these searchers won’t become buyers if marketers fail to connect to
personal values and afterward, keeping them motivated.
“Twenty-three percent of green product buyers have been disappointed by their purchases and 12.9% were disappointed by
home cleaning products,” she said. The biggest complaints were
that the product didn’t clean well and the user wasn’t confident
that it killed germs,”said Suzanne Shelton, CEO, Shelton Group.
What green home cleaning products were they most dissatisfied with? All-purpose spray cleaners drew the biggest complaints,
with 46.1% of dissatisfied buyers voicing their displeasure. That percentage was well ahead of the No. 2 category, bathroom tub and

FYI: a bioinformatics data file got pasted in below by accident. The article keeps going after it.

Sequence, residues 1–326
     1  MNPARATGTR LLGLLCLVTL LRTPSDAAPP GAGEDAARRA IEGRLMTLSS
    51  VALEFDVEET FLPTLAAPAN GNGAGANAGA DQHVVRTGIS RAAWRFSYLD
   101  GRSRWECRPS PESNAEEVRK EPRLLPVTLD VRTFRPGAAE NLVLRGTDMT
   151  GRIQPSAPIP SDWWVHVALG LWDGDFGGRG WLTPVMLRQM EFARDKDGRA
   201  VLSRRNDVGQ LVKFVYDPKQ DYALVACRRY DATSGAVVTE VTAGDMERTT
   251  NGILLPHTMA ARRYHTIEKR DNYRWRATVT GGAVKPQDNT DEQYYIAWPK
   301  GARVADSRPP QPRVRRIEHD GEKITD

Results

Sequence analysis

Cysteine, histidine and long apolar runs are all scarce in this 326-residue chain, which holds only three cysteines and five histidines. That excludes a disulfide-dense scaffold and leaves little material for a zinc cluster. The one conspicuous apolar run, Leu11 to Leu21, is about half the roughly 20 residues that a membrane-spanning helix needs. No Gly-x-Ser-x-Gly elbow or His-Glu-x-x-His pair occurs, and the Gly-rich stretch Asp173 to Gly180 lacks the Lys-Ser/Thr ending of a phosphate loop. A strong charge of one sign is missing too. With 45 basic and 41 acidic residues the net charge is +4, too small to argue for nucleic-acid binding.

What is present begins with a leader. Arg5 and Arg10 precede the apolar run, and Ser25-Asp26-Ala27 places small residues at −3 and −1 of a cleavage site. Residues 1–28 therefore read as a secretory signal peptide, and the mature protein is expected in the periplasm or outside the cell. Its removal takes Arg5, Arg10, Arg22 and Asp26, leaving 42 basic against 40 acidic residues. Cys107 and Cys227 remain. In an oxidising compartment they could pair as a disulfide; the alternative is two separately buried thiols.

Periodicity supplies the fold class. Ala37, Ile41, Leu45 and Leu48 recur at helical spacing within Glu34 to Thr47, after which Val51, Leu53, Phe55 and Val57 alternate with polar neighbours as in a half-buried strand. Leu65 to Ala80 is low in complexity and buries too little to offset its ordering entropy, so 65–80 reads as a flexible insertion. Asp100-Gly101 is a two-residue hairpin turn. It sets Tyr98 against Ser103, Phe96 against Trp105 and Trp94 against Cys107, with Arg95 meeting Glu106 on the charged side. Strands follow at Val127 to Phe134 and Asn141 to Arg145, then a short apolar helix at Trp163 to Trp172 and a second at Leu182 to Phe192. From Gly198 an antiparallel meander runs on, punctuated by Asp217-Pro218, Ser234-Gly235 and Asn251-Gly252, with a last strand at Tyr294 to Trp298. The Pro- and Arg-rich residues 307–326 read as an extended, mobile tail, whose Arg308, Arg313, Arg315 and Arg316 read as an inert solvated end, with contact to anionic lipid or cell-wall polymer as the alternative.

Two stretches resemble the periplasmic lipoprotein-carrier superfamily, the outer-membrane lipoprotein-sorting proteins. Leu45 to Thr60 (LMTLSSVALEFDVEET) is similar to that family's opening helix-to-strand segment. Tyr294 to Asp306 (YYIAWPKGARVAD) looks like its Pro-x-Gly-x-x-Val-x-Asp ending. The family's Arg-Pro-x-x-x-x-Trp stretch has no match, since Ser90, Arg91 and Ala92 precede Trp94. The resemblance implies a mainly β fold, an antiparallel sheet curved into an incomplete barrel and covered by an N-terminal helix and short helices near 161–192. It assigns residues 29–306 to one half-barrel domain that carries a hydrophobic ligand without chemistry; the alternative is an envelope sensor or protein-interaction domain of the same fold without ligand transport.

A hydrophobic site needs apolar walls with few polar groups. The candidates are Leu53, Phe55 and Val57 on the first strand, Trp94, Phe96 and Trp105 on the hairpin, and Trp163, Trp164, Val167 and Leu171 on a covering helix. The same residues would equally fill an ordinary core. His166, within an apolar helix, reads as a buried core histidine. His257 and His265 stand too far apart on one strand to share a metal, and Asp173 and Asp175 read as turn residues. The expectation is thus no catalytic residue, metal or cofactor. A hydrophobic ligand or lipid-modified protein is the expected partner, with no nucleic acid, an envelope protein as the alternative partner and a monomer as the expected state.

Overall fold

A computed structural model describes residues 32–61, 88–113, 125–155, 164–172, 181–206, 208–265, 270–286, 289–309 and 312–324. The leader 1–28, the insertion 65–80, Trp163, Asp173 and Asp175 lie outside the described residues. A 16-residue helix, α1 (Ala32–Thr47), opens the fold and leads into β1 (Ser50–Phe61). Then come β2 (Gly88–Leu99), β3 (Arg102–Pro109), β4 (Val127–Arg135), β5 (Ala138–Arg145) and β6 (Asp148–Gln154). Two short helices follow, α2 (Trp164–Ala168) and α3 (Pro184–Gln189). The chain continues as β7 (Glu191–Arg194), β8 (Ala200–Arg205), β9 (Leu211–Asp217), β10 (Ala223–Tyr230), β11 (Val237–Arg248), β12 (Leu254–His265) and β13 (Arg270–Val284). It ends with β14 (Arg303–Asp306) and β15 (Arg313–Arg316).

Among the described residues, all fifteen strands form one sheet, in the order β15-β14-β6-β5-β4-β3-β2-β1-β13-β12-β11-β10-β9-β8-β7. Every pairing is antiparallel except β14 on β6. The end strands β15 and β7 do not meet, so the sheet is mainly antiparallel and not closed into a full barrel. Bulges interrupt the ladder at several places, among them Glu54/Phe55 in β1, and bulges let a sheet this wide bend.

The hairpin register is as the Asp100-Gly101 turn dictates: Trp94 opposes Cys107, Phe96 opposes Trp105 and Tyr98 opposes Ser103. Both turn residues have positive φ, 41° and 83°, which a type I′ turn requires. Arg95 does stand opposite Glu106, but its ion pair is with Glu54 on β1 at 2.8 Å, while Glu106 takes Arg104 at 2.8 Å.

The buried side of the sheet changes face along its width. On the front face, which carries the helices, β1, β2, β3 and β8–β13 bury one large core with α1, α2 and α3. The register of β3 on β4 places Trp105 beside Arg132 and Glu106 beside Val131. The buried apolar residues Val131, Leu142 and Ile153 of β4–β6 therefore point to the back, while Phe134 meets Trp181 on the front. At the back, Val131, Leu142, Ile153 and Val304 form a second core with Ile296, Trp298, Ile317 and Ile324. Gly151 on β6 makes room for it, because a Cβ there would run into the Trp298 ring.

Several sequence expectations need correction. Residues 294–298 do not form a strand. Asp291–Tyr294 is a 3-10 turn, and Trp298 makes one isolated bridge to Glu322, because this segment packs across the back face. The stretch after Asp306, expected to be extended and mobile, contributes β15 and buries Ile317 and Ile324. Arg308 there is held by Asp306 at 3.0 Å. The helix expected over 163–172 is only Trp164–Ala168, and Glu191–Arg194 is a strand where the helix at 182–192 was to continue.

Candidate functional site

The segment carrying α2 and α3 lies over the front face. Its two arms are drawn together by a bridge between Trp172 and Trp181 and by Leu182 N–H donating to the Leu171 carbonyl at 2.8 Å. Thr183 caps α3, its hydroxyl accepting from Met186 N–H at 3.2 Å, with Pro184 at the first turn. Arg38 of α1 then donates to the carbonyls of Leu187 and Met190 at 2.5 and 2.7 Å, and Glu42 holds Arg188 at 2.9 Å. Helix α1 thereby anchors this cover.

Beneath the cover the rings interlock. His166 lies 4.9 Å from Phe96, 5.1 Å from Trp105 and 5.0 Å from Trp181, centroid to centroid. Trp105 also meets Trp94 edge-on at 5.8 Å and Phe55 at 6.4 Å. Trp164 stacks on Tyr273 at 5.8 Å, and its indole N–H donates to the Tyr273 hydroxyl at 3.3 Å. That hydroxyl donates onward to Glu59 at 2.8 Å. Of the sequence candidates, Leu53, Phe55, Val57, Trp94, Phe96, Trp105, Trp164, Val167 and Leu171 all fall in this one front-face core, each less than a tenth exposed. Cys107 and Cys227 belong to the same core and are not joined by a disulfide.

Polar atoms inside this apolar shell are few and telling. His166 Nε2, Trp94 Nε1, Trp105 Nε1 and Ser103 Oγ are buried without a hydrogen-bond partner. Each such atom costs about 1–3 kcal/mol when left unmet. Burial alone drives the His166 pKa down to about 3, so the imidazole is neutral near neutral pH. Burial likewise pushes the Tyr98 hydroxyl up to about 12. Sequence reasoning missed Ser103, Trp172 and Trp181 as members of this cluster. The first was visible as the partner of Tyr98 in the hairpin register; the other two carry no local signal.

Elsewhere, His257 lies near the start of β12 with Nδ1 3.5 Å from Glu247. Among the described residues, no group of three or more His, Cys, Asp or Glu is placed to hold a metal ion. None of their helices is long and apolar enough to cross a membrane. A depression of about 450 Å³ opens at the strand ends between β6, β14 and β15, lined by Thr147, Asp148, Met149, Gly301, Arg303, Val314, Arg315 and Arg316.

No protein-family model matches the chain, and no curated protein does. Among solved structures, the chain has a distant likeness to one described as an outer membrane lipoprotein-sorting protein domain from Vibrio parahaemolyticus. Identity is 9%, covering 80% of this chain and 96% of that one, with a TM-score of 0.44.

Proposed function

shower cleaner, at 26.0%. Still, according to Shelton’s data, 48%
were likely to try another green home cleaning product.
“As you market to the mainstream consumer, remember this:
it’s not about the planet,”she warned.“Price and performance have
to be the same or better than conventional products.”
The Cost of Poor Quality
The most innovative ideas can fair poorly and end up being costly
for the companies that try to implement them. According to Lloyd
Moberg of Church & Dwight, poor quality can cost as much as 15-
25% of sales. In contrast, a world-class operation loses less than
1% of sales to poor quality.
While most executives are familiar with visible costs such as rejects, warranty, inspection, recoding and rework, it is the hidden
costs such as lost customer loyalty and sales, late delivery, excessive inventory and material orders, and long cycles that can be
most damaging for a household product company.
“Most companies don’t see the big picture,” Moberg told the
audience at Cleaning Products 2011.“They look at rejects and re-